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The Daily Cardinal Est. 1892
Saturday, December 09, 2023
Badgers basketball

UW lost its first game since Feb. 1 against Nebraska Sunday, but will take the week to rest before the Big Ten tournament.

Men's Basketball: Previewing the Big Ten tournament contenders

After a beautifully anarchic regular season, it’s time to dive into the always-entertaining Big Ten tournament.

While a single elimination tournament means really anyone could win it, here are the six teams that stand out as the true contenders.

Iowa (9-9 Big Ten, 20-11 overall)

The Hawkeyes: They’re big, they’re fast, they’re deep and they’ve lost five of their last six. Any confidence in this team translates to a belief that momentum doesn’t matter going into a sudden-death tournament. Last year’s Wisconsin team made the finals despite losing two of their last three and escaping late against Penn State.

The Hawkeyes have a tremendous go-to guard in senior Roy Devyn Marble and a deep frontcourt that can run the floor, which is key in head coach Fran McCaffery’s system.

With Iowa, it almost doesn’t matter how well the offense is clicking. In their last five losses, they’ve broken 70 points four times on offense. Instead, the problem lies in their inability to generate stops on defense.

Iowa is 10th in the Big Ten in scoring defense and allowed 80.2 points per game in their losing stretch. But when you consider their first round opponent is Northwestern, who ranks dead last in the Big Ten in offense, one could easily see Iowa taking the win and going on a run, especially if the next contender on our list isn’t back to 100 percent.

Michigan State (12-6, 23-8)

It’s become a total cliche to say the following, but that doesn’t mean it isn’t true.

Michigan State is a top-five team when they are healthy. They are never healthy. They finally have all of their contributors back on the floor, but everyone looks out of sync (as if they haven’t all played together since December).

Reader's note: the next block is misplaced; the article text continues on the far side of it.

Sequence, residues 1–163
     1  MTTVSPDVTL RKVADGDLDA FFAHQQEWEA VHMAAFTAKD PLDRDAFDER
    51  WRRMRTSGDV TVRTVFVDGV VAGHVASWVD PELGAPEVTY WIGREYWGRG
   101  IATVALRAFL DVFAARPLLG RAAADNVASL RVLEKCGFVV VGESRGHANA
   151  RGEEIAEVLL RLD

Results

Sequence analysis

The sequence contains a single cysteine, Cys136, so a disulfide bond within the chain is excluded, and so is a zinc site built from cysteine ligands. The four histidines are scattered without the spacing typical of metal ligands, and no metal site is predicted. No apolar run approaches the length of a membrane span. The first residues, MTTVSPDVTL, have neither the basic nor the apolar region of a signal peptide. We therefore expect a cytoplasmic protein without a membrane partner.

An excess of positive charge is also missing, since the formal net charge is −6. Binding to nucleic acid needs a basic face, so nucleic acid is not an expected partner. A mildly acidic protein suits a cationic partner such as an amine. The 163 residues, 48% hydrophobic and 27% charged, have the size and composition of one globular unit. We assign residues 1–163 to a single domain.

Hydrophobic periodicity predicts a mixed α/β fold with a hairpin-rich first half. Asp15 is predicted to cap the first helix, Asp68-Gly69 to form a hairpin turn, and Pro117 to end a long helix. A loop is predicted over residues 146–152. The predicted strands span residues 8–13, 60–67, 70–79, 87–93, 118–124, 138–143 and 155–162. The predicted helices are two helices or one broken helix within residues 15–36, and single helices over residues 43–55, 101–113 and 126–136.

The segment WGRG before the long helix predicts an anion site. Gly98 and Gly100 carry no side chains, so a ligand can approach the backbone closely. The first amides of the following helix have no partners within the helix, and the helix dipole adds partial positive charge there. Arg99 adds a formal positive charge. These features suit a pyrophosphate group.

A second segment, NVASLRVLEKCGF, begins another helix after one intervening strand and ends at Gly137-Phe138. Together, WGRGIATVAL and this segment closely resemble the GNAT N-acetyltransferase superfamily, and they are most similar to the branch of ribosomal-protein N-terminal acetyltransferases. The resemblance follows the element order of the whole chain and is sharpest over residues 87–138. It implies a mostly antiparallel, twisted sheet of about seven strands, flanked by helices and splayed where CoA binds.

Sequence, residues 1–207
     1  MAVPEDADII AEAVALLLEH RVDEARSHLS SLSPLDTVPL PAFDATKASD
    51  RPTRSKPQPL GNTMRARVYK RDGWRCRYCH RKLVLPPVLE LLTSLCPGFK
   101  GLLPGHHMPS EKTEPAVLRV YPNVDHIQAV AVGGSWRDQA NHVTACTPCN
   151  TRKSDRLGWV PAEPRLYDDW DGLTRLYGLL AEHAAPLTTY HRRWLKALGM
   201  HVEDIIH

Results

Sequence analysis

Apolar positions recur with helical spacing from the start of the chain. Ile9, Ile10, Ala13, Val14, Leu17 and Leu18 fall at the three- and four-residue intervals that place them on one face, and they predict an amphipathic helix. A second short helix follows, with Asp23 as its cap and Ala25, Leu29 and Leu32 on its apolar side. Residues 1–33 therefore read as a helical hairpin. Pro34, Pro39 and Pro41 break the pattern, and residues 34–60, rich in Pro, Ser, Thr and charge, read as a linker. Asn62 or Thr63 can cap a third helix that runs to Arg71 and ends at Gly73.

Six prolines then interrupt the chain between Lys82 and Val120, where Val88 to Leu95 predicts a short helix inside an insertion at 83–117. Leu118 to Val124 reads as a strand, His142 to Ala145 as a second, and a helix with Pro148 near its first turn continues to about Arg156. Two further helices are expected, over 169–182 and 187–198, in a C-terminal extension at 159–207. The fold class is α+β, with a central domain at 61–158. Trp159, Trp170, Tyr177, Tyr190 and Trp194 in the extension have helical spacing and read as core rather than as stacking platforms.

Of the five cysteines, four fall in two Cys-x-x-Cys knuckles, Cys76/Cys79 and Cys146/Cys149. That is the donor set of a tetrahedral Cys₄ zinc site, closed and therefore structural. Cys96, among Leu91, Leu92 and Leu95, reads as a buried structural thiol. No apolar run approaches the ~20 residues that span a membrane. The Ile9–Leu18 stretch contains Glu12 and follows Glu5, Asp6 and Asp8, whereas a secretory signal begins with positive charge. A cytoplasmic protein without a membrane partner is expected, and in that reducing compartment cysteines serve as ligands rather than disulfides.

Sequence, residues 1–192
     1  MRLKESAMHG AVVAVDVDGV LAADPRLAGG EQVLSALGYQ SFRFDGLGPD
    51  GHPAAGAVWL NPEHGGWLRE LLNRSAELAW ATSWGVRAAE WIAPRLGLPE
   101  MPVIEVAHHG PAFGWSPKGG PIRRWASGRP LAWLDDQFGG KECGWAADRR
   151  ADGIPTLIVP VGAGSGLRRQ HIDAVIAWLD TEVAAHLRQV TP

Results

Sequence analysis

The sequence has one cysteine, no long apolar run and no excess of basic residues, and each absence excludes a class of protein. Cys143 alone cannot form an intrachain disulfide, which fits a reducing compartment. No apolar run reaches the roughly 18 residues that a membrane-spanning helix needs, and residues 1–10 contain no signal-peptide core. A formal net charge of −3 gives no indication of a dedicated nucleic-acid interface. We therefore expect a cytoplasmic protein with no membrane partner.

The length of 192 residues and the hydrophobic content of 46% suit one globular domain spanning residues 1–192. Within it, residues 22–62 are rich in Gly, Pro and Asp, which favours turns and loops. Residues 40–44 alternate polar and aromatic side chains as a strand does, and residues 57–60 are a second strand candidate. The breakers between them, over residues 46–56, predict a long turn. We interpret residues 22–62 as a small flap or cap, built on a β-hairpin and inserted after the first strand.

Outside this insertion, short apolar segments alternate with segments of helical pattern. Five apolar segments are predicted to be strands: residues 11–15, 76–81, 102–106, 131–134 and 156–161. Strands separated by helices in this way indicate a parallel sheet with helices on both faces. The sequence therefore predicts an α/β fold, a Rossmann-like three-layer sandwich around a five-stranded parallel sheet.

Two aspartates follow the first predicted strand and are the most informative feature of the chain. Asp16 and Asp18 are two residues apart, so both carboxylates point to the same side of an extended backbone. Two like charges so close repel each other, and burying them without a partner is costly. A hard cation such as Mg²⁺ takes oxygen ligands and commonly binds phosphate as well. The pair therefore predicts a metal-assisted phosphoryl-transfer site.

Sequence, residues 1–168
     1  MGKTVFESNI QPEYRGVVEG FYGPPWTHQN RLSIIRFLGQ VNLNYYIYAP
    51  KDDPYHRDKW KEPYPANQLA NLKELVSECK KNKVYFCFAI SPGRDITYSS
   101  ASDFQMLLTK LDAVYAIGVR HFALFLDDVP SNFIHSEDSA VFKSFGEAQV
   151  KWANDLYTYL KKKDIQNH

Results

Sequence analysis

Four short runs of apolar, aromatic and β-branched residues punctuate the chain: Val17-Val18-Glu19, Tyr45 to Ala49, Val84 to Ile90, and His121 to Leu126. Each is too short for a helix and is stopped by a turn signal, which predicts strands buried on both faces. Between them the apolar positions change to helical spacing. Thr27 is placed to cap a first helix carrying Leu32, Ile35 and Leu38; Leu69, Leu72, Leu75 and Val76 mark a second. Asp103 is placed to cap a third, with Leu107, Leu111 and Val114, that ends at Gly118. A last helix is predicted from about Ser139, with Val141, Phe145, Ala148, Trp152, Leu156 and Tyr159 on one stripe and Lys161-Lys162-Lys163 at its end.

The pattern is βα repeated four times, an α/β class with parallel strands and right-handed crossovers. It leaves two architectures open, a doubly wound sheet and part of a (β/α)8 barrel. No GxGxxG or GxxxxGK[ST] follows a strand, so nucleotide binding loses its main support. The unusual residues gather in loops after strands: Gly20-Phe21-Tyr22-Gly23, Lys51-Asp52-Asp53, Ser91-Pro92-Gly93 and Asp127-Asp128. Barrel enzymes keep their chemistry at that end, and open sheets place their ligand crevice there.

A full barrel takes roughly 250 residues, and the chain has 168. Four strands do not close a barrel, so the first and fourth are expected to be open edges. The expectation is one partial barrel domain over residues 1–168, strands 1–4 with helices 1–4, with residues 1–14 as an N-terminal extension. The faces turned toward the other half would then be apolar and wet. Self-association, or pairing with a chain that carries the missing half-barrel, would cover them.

That said, the Spartans could very well put things back together at precisely the right time. Talent is talent, and the Spartans have as much as anyone in the conference. If senior guard Keith Appling can properly lead the offense, senior center Adreian Payne can be his bullying self down low, and sophomore guard Gary Harris can play like a lottery pick, the Spartans can be unstoppable. But that’s a lot of ifs.

That’s really it. We could see the Spartans carve a path of destruction through the bracket and look like an NCAA No. 1 seed, or they could lose themselves on offense and continue to hobble, desperately trying to save a season that held so much promise.

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Ohio State (10-8, 23-8)

The middle of the Big Ten can feel like the Island of Misfit Toys, featuring Iowa (no defense), Michigan State (no health) and now, Ohio State (no offense).

Ohio State is basically what Wisconsin was last year. Both teams are/were top-three in the Ken Pomeroy rankings on defense and outside the top-100 on offense. When you consider those Badgers went to the finals, that means Ohio State is easily a contender, provided they can lock down a sneaky good Purdue offense and win a defensive battle against Nebraska.